“When the spill happened, we dove right in,” said Christina Lynch, salon manager at Dillard’s Salon and Spa at Colonial Mall.

The salon has sent out two bags of hair since the spill, and Lynch said they’re busy collecting hair for the next shipment.

Two organizations, San-Francisco-based Matter of Trust and the Destin-based Sunshine and Shores Foundation, are making the booms and hair mats, which have proven effective during past oil spills.

A one-pound hair mat can soak up a quart of oil every minute and can be reused 100 times. A boom is a sausage-shaped sack of hair, created by stuffing hair into a discarded nylon stocking.

Just like hair on the head, the hair in the mats and booms collects oil and traps it. The oil clings to the mats and booms instead of being absorbed.

Salons in the Auburn area, such as Dimensions Hair Studio, The Works, Smartstyle Family Hair Salon and Hairmasters–to name just a few–are participating in the nationwide relief effort.

These booms collect oil faster and more efficiently than regular booms, according to Matter of Trust. The foundation’s Web site says that as of June 11 the organization had collected more than 10 miles of hair booms and had enough hair to make another 25 miles of booms.

Lynch said she is proud that people in the salon industry are being appreciated for their role in the cleanup.

“It throws out something positive, as opposed to the stereotypical way stylists are normally viewed,” she said. “I think it’s wonderful that doing something as simple as going to a hair salon could make a difference. It’s nice to see the country coming together like this.”

Laura Graney, owner of Laura’s Uptown Designs on East Samford Avenue, said she received a call about donating hair a few weeks ago from Lee McCullough, an area resident who has been contacting salons and organizing the effort. Graney said she’s only sent off one shipment, but that’s better than nothing.

“I think it’s great and the more we do, the faster we can get the matter taken care of,” Graney said.

McCullough, an Opelika resident, along with her friend Melissa Motley found Matter of Trust’s Web site and took action after reading about how communities around the nation could easily get involved. She has been collecting hair from salons around town and making frequent trips to the Gulf.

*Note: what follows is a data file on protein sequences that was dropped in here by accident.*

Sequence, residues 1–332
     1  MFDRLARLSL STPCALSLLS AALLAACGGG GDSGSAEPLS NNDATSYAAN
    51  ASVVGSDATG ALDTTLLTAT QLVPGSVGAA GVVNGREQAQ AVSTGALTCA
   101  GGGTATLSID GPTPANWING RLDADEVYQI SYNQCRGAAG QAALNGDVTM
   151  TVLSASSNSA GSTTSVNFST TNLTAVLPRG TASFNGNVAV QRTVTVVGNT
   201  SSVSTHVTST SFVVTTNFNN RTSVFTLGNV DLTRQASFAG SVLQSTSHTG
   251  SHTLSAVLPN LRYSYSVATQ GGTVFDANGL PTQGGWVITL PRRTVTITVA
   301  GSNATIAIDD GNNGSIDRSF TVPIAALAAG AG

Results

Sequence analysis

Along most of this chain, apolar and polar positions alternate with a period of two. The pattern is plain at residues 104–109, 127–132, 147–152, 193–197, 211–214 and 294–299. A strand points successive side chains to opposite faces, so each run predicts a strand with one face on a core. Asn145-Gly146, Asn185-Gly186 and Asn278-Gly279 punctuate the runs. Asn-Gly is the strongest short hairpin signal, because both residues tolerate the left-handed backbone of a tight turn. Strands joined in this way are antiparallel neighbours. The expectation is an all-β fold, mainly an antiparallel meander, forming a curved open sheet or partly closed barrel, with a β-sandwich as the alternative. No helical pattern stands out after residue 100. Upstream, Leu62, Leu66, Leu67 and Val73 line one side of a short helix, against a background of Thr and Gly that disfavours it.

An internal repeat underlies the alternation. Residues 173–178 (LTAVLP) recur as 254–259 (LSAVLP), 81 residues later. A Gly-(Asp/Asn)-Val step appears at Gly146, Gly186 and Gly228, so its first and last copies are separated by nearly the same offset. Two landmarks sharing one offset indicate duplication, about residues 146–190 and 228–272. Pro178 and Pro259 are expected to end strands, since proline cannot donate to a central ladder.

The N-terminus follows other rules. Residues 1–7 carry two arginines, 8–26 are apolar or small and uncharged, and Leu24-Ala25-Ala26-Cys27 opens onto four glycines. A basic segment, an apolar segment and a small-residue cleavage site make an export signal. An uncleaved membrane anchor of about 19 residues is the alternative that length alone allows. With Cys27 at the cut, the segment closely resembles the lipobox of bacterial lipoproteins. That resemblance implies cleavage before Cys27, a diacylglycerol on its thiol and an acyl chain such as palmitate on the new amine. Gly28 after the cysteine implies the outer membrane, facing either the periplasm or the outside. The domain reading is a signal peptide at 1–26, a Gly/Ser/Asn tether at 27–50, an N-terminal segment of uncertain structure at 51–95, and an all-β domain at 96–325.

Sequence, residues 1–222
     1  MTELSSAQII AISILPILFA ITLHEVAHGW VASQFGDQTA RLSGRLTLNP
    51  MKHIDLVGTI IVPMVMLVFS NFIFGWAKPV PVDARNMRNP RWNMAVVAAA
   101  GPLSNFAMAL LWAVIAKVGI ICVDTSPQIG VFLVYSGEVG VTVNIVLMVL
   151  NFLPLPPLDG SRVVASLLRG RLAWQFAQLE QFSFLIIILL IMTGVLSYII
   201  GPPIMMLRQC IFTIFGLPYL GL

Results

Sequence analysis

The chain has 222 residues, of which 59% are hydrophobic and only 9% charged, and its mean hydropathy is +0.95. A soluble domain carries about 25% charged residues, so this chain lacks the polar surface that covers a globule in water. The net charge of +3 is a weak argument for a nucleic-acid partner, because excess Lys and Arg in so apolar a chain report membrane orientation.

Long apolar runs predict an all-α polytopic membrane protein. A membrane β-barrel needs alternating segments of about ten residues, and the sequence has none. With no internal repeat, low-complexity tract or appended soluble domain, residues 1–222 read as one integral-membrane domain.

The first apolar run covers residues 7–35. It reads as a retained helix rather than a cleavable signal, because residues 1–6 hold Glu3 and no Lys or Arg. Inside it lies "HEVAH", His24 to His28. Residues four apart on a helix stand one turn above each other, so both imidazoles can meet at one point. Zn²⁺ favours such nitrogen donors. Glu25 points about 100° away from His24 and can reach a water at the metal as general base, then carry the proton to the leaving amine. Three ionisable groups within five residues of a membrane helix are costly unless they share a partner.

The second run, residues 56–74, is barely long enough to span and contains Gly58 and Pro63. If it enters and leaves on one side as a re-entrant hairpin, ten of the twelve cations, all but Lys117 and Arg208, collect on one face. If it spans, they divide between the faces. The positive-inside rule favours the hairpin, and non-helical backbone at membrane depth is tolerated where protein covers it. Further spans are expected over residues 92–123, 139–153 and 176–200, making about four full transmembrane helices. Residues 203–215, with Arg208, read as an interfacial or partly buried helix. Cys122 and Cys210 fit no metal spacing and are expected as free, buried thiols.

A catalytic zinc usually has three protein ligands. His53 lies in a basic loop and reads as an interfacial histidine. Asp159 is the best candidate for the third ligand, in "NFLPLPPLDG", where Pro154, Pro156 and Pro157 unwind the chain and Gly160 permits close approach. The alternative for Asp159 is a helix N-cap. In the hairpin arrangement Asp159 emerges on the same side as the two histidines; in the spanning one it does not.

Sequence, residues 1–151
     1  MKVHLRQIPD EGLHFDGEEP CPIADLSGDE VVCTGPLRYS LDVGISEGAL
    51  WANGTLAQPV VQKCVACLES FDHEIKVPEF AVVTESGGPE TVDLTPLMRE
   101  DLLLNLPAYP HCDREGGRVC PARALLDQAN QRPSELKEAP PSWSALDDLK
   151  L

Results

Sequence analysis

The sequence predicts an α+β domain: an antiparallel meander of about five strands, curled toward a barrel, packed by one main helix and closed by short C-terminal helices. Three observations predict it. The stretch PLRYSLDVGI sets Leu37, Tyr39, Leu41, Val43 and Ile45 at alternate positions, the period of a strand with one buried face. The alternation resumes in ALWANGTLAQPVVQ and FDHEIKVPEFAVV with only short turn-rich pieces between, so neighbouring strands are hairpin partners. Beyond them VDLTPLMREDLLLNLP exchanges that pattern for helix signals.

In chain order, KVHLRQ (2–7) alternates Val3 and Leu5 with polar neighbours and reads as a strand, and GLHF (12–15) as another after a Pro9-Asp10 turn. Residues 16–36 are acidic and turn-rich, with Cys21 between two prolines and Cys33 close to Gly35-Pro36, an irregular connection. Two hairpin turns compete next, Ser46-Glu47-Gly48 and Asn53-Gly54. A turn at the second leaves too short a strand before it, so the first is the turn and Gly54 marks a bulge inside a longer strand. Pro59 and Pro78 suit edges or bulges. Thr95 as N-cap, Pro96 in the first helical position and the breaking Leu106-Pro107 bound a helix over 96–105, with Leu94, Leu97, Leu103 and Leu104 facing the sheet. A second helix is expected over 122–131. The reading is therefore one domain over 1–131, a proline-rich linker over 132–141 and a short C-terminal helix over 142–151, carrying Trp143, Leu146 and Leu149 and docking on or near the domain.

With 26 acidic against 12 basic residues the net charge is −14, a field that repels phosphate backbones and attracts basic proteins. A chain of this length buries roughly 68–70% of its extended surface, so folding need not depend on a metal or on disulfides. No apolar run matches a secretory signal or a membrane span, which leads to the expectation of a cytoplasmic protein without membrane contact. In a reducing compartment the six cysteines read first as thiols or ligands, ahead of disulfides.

“Since we only live four hours from the Gulf, it would be easy to help out,” McCullough said. “All of the salons who have so graciously donated their time and are instrumental in making this happen. Without their involvement, we would not have the ability to use something that is safer for the environment than what BP is using.”

McCullough has collected 400 pounds of hair thus far. She traveled back down to the Gulf this week to help make booms.

Billie Golden, a co-founder of the Sunshine and Shores Foundation with her husband Jeff, said so far they’ve gotten around 30,000 pounds of hair and 50,000 pounds of pantyhose. She said they have made several thousand booms for the beaches.

“We’re getting hair from all over the place,” Golden said. “Semi-trucks bring in hair from places like Ohio, Pennsylvania and Canada. I can’t believe people care so much about a place they probably don’t even know where it is.”

With the help of Facebook, Golden said word about the Sunshine foundation spread rapidly in Alabama.

“Once you get started with one group, the word spreads like wildfire,” she said.

Both Sunshine and Shores and Matter of Trust say they now have an abundance of hair and what they need are volunteers to create the mats and booms. The Hampton Inn on Okaloosa Island in Fort Walton Beach is offering rooms at a $69 discounted rate for volunteers with the Sunshine and Shore Foundation.

See the original article here.